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5/20/2010
02:07 PM
George Crump
George Crump
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When To Use Cloud Storage?

When storage managers start to sift through the hype surrounding cloud storage and try to decide if and where cloud storage would make sense in their environment, they are often left dazed and confused. There are so many companies trying to jump on the cloud storage bandwagon that almost any new feature makes them "the" cloud storage provider. The goal of this entry is provide some ideas on when should a business use cloud storage.

When storage managers start to sift through the hype surrounding cloud storage and try to decide if and where cloud storage would make sense in their environment, they are often left dazed and confused. There are so many companies trying to jump on the cloud storage bandwagon that almost any new feature makes them "the" cloud storage provider. The goal of this entry is provide some ideas on when should a business use cloud storage.As we discuss in our article "What is Cloud Storage?" the definition really depends on how you intend to use it. For the purposes of this entry, a blog and not a white paper, we'll limit the discussion to those providers whose primary business is to deliver storage capacity over some type of WAN or Internet connection to other businesses that can take advantage of that capacity. There are potentially a hundred other definitions depending on how many vendors you speak with. Within the scope of a business selecting an external provider of storage services, we find that in most successful cloud use cases the users did not set out to specifically purchase cloud storage. It became a natural extension to either an existing process or it came as a component of a solution to another problem they were trying to solve.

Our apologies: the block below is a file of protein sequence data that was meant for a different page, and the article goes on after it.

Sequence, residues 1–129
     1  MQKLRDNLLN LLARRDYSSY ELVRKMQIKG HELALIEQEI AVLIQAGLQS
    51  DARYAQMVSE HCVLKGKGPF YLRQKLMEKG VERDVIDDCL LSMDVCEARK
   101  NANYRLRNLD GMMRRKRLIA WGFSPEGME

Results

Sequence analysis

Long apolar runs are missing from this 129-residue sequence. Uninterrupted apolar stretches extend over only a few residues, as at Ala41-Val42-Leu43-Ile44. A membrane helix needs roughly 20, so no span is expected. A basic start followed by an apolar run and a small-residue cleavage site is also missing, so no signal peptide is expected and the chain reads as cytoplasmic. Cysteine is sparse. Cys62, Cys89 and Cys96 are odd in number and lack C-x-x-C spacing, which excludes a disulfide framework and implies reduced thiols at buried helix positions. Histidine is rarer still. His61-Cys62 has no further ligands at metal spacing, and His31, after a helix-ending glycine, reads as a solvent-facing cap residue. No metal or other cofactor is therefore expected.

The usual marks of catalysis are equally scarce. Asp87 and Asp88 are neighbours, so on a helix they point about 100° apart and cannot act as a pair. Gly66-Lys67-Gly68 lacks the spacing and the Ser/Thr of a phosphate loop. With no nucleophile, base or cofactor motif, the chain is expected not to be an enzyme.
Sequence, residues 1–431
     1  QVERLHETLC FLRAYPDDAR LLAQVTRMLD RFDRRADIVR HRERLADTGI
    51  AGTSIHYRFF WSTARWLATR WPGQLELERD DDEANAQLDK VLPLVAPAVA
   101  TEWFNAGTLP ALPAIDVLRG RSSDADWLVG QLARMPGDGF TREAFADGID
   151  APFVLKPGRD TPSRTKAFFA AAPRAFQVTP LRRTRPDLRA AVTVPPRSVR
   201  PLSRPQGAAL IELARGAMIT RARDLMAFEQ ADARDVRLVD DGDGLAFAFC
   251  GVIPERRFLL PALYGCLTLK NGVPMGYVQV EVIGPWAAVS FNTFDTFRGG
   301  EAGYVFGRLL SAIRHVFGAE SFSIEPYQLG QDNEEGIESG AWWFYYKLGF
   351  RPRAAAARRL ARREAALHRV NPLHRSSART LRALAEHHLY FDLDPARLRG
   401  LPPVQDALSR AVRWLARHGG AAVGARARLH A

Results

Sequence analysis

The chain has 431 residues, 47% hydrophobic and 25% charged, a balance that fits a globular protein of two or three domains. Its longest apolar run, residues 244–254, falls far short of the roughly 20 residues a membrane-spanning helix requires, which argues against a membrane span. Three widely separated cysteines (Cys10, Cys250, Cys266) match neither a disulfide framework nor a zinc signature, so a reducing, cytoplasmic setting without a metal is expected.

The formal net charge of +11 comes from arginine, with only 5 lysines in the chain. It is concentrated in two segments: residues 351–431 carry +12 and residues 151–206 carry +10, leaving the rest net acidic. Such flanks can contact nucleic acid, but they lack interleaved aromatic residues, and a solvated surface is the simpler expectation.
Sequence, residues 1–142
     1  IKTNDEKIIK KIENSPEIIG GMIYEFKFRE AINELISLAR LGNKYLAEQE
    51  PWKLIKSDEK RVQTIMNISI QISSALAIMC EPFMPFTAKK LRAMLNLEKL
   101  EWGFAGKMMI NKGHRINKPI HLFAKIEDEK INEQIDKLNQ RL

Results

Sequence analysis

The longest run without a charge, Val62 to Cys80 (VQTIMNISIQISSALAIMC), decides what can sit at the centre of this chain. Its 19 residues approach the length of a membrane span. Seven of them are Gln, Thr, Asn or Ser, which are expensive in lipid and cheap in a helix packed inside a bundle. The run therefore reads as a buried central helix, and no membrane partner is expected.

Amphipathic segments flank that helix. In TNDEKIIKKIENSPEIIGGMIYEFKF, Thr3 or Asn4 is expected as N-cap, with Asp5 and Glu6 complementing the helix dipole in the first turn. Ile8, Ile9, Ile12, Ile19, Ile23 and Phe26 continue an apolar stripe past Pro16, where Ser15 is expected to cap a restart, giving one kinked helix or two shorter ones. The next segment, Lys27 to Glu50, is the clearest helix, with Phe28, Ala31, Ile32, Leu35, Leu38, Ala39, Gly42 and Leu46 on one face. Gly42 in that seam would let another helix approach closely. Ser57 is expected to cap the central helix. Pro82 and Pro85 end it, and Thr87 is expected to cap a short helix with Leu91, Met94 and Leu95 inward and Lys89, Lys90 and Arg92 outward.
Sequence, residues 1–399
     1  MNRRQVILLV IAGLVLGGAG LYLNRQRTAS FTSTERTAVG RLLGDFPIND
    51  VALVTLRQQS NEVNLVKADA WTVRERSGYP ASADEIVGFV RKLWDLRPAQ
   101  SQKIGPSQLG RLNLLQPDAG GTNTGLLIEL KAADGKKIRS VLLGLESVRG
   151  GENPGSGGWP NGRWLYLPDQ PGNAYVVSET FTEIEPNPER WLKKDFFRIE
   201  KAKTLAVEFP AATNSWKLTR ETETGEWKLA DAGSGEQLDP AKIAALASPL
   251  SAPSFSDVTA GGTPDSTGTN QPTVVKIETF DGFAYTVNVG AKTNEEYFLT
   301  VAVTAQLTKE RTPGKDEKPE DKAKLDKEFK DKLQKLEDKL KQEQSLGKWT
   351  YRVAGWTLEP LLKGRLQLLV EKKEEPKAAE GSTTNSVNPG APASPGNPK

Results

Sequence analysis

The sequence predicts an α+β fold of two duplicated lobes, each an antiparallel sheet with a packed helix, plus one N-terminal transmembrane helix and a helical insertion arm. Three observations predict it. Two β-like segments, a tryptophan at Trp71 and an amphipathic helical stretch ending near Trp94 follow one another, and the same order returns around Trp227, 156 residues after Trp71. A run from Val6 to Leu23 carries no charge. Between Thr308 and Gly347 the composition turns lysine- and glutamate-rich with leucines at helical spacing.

In the natural extension case this is usually exemplified by an ISV adding the ability to move some of its data to a cloud storage provider. Typically this is a backup application but other applications have added the ability to archive information from emails or projects to the cloud as well. In this model cloud storage becomes an option that you check during configuration of the application. This is a simple and relatively safe way to start using cloud storage. Usually the data being copied to the cloud is a second copy and there is a local copy maintained for a user's selected time.

The other use case is when a storage manager has a specific problem to solve and the solution happens to leverage cloud storage as a component of solving that problem. Once again the obvious examples are backup and email solutions that are cloud focused. In addition a growing number of primary storage solutions focused on the small to medium business are leveraging cloud storage as well. These systems can solve the need for NAS services or even SAN services and then move older data to a cloud storage provider. This keeps local costs down and, for some of the solutions, leverages the storage provider to take care of data protection. The selection of the cloud storage provider is often again a check box with a list of supported providers. While these solutions are certainly more committed to cloud storage than the simple extension use case, many will work even if the connection to the cloud storage provider has gone down.

Cloud storage providers and ISVs should focus on solving the business problem, not on the value of putting a bunch of data out in the internet. Cloud providers need to be careful though, while working with ISVs to be in that list of options they also need to make sure that users understand what to look for in a cloud provider. All cloud storage providers are not created equal and price should not be the sole selection criteria, something we'll detail in our next entry.

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George Crump is lead analyst of Storage Switzerland, an IT analyst firm focused on the storage and virtualization segments. Find Storage Switzerland's disclosure statement here.

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